We must protect our kids from the catwalk of shame
Why can’t Australia be more like France?
While our country held the world’s first parliamentary inquiry into the sexualisation of children – and has done nothing since – the French parliament has begun taking action on its inquiry, with a move to ban child beauty pageants.
The 2008 Senate inquiry into the sexualisation of children in the contemporary media environment continues to gather dust. But the French have taken their 2012 report, Against Hyper-Sexualisation: A New Fight for Equality, more seriously.
On Tuesday, a bill to outlaw child beauty pageants passed in the French senate as part of a wider law on gender equality. It will go through the national assembly before becoming law. Organisers might face a jail term of up to two years and a fine of €30,000 ($43,000).
While the wording of our report was soft, the French report by former sports minister and centrist senator Chantal Jouanno was unequivocal about the harms of sexualising girls.
It called for the ban on child beauty pageants – also known as ”Mini-Miss” competitions – for under 16s. It also recommended a ban on child-size adult clothing, such as padded bras and high-heeled shoes.
Jouanno expressed concern young girls were being disguised as ”sexual candy” in a ”competition over appearance, beauty and seduction”. ”Let us not make our girls believe from an early age that their only value is their appearance,” Jouanno told the senate. ”Let us not allow commercial interests to outweigh social interests … we have a duty to defend the superior interest of the child.”
If the French can say no to sexualised doll-girls, why can’t we? In 2011 Universal Royalty pageants came to Australia, staging events in Melbourne, Sydney, Gold Coast and Perth, meeting significant opposition. We protesters (I was one of them) didn’t think it was in the best interest of girls to deck them out in fake hair, eyelashes and teeth, garish costumes and grotesque make-up to perform provocative routines before judges.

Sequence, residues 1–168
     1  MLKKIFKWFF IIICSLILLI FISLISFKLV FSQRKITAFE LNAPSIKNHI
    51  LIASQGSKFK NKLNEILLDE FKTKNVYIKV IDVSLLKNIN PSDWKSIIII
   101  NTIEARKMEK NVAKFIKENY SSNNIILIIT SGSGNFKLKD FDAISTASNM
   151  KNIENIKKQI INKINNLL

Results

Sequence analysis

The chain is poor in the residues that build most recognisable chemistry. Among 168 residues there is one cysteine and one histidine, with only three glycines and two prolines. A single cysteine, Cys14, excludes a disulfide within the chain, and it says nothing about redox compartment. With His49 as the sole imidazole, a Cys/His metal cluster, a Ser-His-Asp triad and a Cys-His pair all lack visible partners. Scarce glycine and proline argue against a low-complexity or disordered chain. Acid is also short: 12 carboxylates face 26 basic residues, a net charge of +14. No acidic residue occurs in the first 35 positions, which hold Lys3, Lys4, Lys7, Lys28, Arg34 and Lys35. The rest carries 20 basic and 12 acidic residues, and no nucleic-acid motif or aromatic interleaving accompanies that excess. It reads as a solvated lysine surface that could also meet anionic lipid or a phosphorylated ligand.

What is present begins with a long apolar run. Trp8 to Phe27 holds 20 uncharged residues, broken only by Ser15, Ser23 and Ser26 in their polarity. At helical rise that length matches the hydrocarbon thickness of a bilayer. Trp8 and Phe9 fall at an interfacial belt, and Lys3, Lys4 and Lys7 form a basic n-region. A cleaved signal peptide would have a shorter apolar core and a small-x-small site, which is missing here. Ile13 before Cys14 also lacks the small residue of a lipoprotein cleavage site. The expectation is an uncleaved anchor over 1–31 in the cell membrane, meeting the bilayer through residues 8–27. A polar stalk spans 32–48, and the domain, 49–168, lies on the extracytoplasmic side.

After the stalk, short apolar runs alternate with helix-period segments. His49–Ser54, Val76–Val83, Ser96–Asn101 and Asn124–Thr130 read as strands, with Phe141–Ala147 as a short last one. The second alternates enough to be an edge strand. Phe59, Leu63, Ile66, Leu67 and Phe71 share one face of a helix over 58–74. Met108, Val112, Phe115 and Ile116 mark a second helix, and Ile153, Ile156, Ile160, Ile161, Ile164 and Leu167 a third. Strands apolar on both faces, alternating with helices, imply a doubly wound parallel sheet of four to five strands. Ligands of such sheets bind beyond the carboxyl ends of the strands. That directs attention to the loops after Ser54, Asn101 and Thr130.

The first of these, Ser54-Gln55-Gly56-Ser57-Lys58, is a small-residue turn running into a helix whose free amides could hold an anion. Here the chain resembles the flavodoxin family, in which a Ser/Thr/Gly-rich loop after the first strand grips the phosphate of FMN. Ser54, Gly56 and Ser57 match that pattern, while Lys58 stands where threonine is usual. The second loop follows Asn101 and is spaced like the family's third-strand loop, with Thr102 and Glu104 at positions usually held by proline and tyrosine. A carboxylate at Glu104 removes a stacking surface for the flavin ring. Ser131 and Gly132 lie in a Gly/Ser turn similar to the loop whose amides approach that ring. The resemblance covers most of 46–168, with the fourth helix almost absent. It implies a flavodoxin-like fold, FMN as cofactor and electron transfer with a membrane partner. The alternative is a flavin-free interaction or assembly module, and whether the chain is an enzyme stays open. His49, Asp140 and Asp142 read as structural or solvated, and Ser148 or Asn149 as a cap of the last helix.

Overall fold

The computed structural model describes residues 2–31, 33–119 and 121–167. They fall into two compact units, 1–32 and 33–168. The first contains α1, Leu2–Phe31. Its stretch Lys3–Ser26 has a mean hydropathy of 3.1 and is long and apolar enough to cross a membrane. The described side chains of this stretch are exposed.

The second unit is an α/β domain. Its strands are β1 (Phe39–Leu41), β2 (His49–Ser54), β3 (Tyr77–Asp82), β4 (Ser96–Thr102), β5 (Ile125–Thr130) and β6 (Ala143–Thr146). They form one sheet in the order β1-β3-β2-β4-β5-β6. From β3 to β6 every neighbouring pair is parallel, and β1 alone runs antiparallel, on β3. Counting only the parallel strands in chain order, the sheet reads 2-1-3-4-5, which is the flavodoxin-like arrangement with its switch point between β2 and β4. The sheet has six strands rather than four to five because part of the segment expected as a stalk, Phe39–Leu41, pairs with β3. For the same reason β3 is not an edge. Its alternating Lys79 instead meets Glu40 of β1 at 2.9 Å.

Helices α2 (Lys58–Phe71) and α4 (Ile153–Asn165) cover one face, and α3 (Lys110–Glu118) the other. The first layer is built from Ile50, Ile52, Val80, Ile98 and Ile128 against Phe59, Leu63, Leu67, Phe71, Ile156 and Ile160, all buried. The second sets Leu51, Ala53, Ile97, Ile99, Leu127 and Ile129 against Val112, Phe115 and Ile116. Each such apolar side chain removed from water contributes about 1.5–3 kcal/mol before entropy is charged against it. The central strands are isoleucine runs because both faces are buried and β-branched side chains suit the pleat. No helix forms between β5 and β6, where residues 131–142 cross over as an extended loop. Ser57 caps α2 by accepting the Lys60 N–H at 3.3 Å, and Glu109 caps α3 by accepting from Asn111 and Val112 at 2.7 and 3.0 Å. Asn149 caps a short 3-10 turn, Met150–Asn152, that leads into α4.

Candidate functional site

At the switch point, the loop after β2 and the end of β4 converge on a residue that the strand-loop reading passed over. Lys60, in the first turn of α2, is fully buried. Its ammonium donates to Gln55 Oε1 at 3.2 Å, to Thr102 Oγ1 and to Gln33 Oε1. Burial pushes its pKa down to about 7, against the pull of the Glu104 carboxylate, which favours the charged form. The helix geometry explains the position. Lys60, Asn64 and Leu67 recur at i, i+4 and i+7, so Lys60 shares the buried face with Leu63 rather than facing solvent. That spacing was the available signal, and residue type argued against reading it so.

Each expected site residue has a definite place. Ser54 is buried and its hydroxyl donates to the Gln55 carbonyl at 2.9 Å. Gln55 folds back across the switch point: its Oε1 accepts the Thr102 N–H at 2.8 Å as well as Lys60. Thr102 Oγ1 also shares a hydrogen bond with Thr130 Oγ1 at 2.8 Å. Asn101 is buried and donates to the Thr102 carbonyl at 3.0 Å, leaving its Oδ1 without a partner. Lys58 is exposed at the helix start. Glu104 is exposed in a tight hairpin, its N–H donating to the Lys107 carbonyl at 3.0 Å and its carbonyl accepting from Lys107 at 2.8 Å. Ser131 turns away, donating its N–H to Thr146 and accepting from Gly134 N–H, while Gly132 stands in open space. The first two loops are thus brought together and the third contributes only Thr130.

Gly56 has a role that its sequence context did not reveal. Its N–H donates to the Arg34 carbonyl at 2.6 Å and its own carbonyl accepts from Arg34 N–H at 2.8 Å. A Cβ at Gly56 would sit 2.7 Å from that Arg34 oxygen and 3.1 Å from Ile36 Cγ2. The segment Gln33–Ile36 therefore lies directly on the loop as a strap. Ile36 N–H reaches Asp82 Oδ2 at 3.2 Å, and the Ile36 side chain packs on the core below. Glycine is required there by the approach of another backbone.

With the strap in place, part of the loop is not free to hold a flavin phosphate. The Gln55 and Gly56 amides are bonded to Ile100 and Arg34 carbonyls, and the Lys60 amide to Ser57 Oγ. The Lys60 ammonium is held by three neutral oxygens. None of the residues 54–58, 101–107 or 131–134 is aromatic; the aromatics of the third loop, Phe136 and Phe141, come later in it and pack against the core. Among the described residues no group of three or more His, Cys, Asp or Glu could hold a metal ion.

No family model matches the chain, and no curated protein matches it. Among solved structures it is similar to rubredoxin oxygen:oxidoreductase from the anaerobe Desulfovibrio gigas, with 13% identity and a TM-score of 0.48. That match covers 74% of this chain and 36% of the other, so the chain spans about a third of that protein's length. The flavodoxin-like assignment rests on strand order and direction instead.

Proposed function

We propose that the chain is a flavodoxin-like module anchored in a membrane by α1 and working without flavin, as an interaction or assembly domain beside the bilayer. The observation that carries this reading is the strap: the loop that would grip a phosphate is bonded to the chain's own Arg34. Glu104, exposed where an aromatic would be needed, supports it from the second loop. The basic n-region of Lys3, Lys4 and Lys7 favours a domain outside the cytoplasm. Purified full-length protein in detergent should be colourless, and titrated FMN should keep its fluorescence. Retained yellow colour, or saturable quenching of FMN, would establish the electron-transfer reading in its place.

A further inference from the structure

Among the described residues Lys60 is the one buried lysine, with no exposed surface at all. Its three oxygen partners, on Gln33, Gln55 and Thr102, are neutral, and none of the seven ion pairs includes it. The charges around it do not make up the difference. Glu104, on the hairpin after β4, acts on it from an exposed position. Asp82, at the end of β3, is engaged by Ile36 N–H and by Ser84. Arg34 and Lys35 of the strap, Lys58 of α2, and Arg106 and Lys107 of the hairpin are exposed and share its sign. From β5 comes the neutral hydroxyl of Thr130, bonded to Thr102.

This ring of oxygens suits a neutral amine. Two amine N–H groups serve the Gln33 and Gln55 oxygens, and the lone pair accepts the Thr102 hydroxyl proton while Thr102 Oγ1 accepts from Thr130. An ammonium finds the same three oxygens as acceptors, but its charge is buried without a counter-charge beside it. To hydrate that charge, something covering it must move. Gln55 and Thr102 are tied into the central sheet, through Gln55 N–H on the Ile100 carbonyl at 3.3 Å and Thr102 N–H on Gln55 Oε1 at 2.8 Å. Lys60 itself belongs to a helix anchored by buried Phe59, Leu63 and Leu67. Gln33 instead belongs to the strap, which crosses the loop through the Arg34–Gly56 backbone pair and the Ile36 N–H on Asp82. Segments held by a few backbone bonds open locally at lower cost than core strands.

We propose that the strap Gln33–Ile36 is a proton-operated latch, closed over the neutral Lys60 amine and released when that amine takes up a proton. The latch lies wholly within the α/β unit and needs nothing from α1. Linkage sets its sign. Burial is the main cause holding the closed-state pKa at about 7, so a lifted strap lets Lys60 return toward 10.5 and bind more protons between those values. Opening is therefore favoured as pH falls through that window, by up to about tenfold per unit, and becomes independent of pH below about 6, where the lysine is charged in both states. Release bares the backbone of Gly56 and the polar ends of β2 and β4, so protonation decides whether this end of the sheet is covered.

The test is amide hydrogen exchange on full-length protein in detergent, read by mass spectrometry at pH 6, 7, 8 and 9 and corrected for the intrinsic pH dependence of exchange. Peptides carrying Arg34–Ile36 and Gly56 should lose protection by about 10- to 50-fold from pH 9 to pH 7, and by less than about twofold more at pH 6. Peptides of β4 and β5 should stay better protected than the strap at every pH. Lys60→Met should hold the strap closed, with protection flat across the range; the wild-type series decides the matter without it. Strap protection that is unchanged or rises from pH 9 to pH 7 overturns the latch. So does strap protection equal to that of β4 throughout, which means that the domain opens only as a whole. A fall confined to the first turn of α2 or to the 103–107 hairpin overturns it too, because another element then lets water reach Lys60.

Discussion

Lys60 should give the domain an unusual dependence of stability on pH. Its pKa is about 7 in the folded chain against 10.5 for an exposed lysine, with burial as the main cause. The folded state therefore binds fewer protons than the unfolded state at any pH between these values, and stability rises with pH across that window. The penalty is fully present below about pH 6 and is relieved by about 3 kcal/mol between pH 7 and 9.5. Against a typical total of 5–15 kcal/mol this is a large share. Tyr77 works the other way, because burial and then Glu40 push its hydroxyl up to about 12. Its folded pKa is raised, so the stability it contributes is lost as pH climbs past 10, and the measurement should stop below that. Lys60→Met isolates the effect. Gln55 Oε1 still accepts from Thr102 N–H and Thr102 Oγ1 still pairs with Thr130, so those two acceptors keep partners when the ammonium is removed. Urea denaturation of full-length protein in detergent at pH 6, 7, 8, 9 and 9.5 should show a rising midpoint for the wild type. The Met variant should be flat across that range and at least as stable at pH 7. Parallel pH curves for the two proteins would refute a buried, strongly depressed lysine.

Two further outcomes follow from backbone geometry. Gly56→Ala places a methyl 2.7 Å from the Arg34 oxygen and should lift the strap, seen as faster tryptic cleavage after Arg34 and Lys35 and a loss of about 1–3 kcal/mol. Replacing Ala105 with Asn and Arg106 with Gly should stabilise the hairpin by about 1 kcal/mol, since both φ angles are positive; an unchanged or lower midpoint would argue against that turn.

The dominant message of pageants is that physical beauty equates to worth, providing external validation that looks are most important. They reinforce stereotypical ideas about what constitutes female beauty. The MC at the Sydney show raved excitedly about how ”beautiful” the
In August of that year, the Royal Australian and New Zealand College of Psychiatrists’ Faculty of Child and Adolescent Psychiatry said: ”Direct participation and competition for a beauty prize where infants and girls are objectified and judged against sexualised ideals can have significant mental health and developmental consequences that impact detrimentally on identity, self-esteem, and body perception.”
A 2005 study in The Journal of Treatment and Prevention reported ”a significant association between childhood beauty pageant participation and increased body dissatisfaction, difficulty trusting interpersonal relationships, and greater impulsive behaviours”.
The child modelling cancer isn’t just seen in events imported from the US. A ”model search” at Queensland’s Ashmore State School was held for children as young as two as part of a Family Fun Fair last year. Prizes included modelling courses worth hundreds of dollars.
Queensland Minister for Education, Training and Employment John-Paul Langbroek wrote to a complainant in July 2013 that the ”modelling competition was perceived by the … school community as in essence little different from trialling for junior sports teams …”
Of course, it’s not pageants on their own that are the problem. It’s a system that treats women and girls as decorative objects; that emphasises physical appearance over everything else, teaching girls to draw attention to their bodies, not their brains.
Commercial interests continue to win, with corporate social responsibility thrown on the scrap heap in the quest for profit. The previous government washed its hands of the sexualisation problem, claiming industry ”self-regulation” was working. If this is regulation, I’d hate to see what a free-for-all looked like. And it is guaranteed the new government will do the same. It seems our rulers are beholden to big business. Australia is being left behind, as Britain also takes significant action to address the issue.
Research shows that reinforcing an emphasis on looks and attractiveness leads to negative body image, disordered eating, depression, anxiety and low self-esteem. But as long as someone is making money, who cares if children are exploited?